View Poll Results: What aspects would you like to see in a mer RPG? (Pick as many choices as you like)

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  • TRANSFORMATIONS: Full time mers (Little Mermaid)

    41 45.05%
  • TRANSFORMATIONS: Part time mers (H2O)

    62 68.13%
  • GENRE: exclusively fantasy

    25 27.47%
  • GENRE: exclusively science fiction

    5 5.49%
  • GENRE: features both fantasy and science fiction

    56 61.54%
  • TONE: Light (minimal violence and adult themes, G/PG)

    20 21.98%
  • TONE: Medium (average violence and adult themes, PG13/R)

    65 71.43%
  • TONE: Dark (few limits on violence and adult themes, NC17)

    22 24.18%
  • TIME PERIOD: I have a strong preference for what time period the RPG is set in.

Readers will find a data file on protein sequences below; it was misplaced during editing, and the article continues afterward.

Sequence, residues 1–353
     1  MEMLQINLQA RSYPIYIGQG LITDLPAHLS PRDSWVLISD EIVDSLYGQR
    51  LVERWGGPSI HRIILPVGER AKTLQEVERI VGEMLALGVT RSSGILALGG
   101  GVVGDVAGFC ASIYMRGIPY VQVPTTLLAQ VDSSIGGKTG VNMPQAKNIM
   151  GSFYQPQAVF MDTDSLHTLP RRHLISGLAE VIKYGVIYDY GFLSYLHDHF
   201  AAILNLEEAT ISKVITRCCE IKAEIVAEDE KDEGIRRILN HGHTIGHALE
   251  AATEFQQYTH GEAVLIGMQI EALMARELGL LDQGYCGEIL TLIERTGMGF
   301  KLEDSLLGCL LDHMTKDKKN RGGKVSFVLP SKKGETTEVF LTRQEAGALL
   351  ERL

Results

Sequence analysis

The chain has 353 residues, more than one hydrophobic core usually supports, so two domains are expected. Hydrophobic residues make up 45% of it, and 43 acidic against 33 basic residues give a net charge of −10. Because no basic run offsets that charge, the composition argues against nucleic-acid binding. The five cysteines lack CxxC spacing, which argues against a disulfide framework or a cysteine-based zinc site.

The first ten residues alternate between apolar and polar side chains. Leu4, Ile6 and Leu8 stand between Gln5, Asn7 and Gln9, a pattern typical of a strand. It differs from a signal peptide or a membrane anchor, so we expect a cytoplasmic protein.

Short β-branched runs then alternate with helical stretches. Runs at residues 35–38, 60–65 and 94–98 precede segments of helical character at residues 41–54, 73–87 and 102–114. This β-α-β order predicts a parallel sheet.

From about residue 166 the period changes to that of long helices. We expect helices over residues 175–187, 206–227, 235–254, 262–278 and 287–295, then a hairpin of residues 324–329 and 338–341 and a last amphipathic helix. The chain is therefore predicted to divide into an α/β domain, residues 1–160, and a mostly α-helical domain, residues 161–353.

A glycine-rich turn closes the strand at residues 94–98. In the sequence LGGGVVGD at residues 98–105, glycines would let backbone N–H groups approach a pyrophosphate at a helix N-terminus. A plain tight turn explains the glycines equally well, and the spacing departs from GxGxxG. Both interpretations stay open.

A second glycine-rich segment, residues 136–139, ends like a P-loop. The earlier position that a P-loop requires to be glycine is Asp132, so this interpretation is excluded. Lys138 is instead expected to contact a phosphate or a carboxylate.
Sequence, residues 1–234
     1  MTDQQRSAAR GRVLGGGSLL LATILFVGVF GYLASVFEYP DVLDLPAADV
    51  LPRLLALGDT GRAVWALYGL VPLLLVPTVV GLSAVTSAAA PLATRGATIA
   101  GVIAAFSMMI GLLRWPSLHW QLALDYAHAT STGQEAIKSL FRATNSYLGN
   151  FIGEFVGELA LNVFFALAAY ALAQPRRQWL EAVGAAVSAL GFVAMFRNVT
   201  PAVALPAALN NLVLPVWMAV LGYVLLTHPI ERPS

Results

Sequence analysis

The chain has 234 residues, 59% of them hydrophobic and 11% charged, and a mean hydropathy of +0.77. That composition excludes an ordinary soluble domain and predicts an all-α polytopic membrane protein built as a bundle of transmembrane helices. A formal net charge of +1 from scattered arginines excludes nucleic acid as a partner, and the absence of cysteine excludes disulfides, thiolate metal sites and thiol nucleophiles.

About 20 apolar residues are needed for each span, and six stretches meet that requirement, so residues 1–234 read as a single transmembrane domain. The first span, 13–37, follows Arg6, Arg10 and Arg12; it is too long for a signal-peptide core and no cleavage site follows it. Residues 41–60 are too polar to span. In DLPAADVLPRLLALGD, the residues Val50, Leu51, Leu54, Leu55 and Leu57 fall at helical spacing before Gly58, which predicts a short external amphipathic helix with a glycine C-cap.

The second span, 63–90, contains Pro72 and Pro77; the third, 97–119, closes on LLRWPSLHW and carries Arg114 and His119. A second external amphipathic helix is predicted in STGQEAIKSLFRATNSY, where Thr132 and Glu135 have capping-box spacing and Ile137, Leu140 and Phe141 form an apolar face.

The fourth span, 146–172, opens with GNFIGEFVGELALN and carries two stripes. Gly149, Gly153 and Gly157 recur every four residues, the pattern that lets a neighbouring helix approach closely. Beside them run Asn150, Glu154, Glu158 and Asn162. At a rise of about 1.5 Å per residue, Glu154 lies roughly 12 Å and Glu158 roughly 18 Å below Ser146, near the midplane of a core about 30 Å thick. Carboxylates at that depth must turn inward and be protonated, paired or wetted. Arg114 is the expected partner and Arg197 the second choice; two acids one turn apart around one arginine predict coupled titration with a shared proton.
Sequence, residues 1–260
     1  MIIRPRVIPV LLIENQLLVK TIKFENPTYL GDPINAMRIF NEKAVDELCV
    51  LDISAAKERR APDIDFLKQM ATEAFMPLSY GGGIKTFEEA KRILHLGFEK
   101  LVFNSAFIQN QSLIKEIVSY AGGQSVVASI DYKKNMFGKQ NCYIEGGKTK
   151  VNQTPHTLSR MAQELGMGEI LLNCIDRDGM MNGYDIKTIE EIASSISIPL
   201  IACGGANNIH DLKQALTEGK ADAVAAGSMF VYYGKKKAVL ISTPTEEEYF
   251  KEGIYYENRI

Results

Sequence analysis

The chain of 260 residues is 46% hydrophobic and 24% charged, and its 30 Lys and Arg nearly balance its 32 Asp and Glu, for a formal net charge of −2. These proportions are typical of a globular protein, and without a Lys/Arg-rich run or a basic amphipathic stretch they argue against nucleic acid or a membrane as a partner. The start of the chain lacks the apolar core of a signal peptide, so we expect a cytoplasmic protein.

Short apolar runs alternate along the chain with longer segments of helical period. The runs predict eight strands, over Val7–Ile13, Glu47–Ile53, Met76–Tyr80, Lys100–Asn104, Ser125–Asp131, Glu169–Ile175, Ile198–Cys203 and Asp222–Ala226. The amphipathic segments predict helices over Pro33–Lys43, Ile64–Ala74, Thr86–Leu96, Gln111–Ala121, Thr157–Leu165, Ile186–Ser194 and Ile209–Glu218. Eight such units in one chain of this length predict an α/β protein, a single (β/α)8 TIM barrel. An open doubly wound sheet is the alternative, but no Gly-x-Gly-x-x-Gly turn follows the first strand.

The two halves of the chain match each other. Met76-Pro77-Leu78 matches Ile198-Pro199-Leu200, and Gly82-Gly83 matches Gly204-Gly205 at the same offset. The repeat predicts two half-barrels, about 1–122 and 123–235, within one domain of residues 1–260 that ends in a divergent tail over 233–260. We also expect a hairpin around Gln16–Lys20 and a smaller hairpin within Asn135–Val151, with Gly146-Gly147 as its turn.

13 14.29%
  • TIME PERIOD: I am somewhat flexible as to when it takes place.

    67 73.63%
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Thread: What would you want in a Mer Role-Playing Game?

  1. #21
    @Malinghi: I know of at least two RPGs, The Everlasting (modern paranormal game about various immortal/undead/extremely-long-lived/reincarnating beings (including fairies, elves, dragons, vampires, angels, revenants, ghuls, questing knights, demigods, gargoyles, totem spirits, nightmares, and Egyptian wizards) who live alongside humans or in extradimensional realms, such as the dream plane, the spirit world, the land of the dead, Heaven, Hell, Faerieland, etc, and how they interact with each other over the centuries of their long lives) and Fortune's Fool, a renaissance game with elves, dwarves, and goblins living openly among humans. Each of them uses the tarot deck in different ways. There are other roleplaying games (such as Castle Falkenstein or Deliria) which use playing cards to determine fate and chance as well.